French restaurants in SF
Legendary chef Jacqueline Margulis, now in her 80s, makes each soufflé herself at Cafe Jacqueline in North Beach. Behind mountains of eggs in the tiny kitchen, Margulis has worked with the same prep cook for over 30 years, while the head waiter has been there nearly as long. Her textbook perfect soufflés—including crab, lobster, Gruyère and mushroom and lime and Grand Marnier for dessert—have not changed for decades. We wish she could live forever.
Philippe Gardelle has maintained a welcoming spirit (complete with a handshake or kiss on each cheek) and authentic French bistro fare since 1996 Regulars return for perfect veal sweetbreads, bouillabaisse, cassoulet and stellar soups like French onion and the seasonal yellow roasted corn in white truffle oil. The early bird prix fixe is a steal—$40 for 3 courses served from 5–6pm.
It’s hard to resist the romantic charm of L’Ardoise Bistro. Chef Clement nails French classics like coq au vin and duck confit and puts his own twist on dishes like seafood cassoulet, made with lobster bisque reduction.
Nico serves modern Cal-French cuisine through an $85, 6-course prix fixe menu at dinner featuring seasonal dishes like tartare of tonnato and green tomato or snapper with mussels and tomato.
Many cookbooks and accolades later, chef Gerard Hirigoyen and his wife Cameron have stayed true to their West Coast-Basque cuisine. Hirigoyen celebrates his Basque heritage in dishes like Dungeness crab txangurro laced with mangos, basil and aioli and the piquillo peppers stuffed with goat cheese, pistachios and golden raisins. Save room for the divine orange blossom beignets for dessert.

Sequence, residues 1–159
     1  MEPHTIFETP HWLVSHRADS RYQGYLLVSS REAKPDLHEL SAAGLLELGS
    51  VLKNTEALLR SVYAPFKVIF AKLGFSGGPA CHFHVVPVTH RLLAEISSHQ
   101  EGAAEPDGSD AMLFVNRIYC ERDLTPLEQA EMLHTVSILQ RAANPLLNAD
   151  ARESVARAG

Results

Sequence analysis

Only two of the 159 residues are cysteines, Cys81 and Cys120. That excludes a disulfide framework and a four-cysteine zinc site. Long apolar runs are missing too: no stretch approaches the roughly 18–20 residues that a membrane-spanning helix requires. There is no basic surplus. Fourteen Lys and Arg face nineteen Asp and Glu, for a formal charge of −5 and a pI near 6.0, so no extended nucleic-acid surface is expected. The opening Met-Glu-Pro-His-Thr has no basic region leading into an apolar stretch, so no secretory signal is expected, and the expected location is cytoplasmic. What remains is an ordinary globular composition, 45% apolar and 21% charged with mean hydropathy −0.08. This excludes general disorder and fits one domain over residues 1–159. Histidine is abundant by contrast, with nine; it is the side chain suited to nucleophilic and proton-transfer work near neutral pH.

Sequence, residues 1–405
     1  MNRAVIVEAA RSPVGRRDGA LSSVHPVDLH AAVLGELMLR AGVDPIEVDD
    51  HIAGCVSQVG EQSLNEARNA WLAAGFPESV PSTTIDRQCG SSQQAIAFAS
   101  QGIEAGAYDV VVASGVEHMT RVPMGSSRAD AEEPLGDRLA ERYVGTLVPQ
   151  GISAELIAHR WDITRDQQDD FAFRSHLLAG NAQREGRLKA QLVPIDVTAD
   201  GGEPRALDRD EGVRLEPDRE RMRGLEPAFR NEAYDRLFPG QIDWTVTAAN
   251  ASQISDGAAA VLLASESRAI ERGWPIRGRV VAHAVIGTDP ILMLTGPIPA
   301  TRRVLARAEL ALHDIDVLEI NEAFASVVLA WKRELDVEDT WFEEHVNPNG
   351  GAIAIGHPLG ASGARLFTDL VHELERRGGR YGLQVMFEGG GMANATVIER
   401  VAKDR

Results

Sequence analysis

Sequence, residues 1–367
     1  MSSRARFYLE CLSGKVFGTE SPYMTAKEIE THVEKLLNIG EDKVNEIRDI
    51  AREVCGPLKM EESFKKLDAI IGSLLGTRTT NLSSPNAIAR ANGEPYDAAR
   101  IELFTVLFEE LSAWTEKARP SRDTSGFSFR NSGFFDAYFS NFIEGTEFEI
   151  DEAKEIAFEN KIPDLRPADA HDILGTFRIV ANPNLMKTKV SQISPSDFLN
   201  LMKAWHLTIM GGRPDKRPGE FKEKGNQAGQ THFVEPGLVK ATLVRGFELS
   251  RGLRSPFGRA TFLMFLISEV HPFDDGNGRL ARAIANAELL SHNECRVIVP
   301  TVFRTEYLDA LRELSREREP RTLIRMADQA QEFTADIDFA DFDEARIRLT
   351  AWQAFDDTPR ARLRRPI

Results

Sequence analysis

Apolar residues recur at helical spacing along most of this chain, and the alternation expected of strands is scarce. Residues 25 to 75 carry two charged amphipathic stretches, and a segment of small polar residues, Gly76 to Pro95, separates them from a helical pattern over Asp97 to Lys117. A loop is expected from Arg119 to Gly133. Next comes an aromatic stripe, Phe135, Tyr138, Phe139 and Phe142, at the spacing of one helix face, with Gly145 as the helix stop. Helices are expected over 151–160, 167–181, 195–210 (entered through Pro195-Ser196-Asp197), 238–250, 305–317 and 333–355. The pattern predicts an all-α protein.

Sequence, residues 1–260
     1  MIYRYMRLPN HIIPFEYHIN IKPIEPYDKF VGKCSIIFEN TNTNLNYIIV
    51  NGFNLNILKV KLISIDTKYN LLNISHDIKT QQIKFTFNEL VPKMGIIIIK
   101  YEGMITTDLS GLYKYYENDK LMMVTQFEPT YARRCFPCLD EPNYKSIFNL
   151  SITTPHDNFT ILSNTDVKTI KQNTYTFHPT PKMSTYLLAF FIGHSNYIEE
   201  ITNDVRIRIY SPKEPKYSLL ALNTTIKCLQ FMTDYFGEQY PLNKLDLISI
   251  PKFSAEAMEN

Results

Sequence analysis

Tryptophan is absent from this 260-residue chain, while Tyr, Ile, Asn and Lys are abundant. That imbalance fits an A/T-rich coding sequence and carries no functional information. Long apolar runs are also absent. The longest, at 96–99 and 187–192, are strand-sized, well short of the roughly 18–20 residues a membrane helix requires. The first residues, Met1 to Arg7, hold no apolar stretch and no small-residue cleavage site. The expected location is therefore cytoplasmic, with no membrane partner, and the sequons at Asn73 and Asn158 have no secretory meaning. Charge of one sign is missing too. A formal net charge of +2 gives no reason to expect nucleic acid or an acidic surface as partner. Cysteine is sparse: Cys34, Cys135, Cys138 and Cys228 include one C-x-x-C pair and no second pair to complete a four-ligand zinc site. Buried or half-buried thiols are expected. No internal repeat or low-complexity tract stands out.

Part wine bar, part casual French restaurant, Aquitaine serves copious amounts of charcuterie, cheese and French wines. Try the smoked pancetta galette (crepe), chorizo tomato mussels and frites (dusted in pimenton and served in wooden Gascony peasant shoes) and the duck confit Reuben sandwiches at lunch. Save room for rare French desserts like iles flottantes, a floating island of soft meringue in a pool of warm crème anglaise.
Traci Des Jardins’ flagship Hayes Valley restaurant recently passed the 20 year mark. Des Jardins' pioneered relationships with local farmers for over 25 years, showcasing the best in her modern Cal-French cuisine. Chef de cuisine Audie Golder has brought new layers to the elegant menus with east-meets-west dishes like a seasonal take on Carolina Gold rice with Périgord truffles, corn, pine nuts and shio koji.
Of all Dominique Crenn's restaurants, Petit Crenn offers the best bacng for your buck. The prix fix menu includes 5 courses for $95, while the la carte menu features seafood-centric dishes like Beluga lentils and English peas in brown butter with Meyer lemon and smoked mushrooms or a silky omelette with a supplement of Tsar Nicoulai Caviar.
James Beard Award-winning chef (and France native) Roland Passot has earned multiple awards for La Folie, a fine dining classic with a more casual lounge next door. The tasting menus range from $110-$160 per person, including a vegetarian menu. Seasonal highlights include a rack of lamb with squash blossom tempura, black garlic, toybox zucchini and eggplant.
A neighborhood fixture since 1992, Zazie walks the line between French bistro and American breakfast cafe, drawing in crowds who worship Zazie as the best brunch in SF. Though waits are always long, the pancakes are among the best in SF. At dinner time, the French menu features dishes like poulet Français (chicken breast stuffed with mushrooms and herbs).